Clearly a lot of hard work goes into building a good piece of software, and many people seem to think that Disco falls into this category, but I'm not one of them.

Sunday, February 18, 2007

It would be cool if

I could get the playlist of tracks I wanted to buy burnt onto a CD with a professionally printed label and package insert and posted to me.

While Cover Flow gives the illusion of the physicality of flipping through a stack of CD's, there is nothing like the real thing. I remember when the most popular way to get your musical fix was on 12" black plastic discs.

With all opinions about how we should get our music, we'd do well not to forget to enjoy our music.

Rob Fleming, Nick Hornby's anti-hero in High Fidelity says:

"Is it so wrong, wanting to be at home with your record collection? It's not like collecting records is like collecting stamps, or beermats, or antique thimbles. There's a whole world in here, a nicer, dirtier, more violent, more peaceful, more colourful, sleazier, more dangerous, more loving world than the world I live in; there is history, and geography, and poetry, and countless other things I should have studied at school, including music."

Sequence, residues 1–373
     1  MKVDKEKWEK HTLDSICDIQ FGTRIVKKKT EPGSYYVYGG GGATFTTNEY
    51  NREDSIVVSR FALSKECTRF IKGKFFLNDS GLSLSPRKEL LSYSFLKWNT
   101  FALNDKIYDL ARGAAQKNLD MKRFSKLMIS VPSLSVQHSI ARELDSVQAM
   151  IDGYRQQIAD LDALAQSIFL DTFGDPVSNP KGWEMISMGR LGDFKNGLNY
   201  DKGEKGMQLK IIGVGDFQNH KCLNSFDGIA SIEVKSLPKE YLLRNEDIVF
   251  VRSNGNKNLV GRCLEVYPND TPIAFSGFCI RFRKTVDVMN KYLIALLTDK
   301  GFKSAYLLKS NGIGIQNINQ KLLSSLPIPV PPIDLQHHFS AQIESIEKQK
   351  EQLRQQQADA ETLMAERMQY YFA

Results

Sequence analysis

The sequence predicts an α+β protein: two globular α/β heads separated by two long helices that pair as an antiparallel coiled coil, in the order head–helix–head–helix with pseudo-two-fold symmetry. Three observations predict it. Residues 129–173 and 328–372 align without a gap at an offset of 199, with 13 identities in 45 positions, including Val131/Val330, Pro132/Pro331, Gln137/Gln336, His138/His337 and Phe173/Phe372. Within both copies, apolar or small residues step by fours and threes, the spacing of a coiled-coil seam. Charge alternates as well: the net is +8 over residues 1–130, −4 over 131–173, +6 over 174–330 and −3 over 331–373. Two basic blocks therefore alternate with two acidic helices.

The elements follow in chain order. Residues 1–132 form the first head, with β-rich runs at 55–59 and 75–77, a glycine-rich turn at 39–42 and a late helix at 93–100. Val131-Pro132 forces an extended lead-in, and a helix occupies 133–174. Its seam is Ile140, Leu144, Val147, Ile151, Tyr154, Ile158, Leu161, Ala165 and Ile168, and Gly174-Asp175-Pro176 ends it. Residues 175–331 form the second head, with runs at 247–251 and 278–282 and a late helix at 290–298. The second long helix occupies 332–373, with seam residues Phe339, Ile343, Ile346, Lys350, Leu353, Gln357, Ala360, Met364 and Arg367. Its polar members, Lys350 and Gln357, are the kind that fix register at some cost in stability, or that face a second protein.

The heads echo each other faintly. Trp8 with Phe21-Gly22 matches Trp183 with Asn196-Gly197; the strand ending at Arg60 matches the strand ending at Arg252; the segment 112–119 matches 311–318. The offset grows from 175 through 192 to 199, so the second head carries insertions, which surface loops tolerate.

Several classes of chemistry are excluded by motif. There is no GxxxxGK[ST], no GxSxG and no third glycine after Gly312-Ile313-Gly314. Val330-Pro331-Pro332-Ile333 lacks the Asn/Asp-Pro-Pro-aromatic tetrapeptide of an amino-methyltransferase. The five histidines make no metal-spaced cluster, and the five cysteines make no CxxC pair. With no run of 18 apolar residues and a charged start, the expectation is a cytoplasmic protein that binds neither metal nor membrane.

I couldn't have said it better myself.

Do as we say...

That bastion of creativity and fair use, the MPAA, has been caught with its hand in the cookie jar.

It seems that the mighty anti-piracy giant is resorting to using freeware to run its blog (since removed), but didn't think it necessary to leave the authors attributions and back-links in place. How rude!

The free Forest Blog engine written by Patrick Robin looks clean and functional and he has taken quite a relaxed approach to the breach, asking only that his work be attributed as per his license.

Maybe the MPAA can take a leaf out of of his book and stop treating customers like criminals.

via Slashdot

In a follow-up Patrick posts that the MPAA now claims that they were only ever testing his software and would have paid for a license if they had decided to go into production.
Patrick notes that: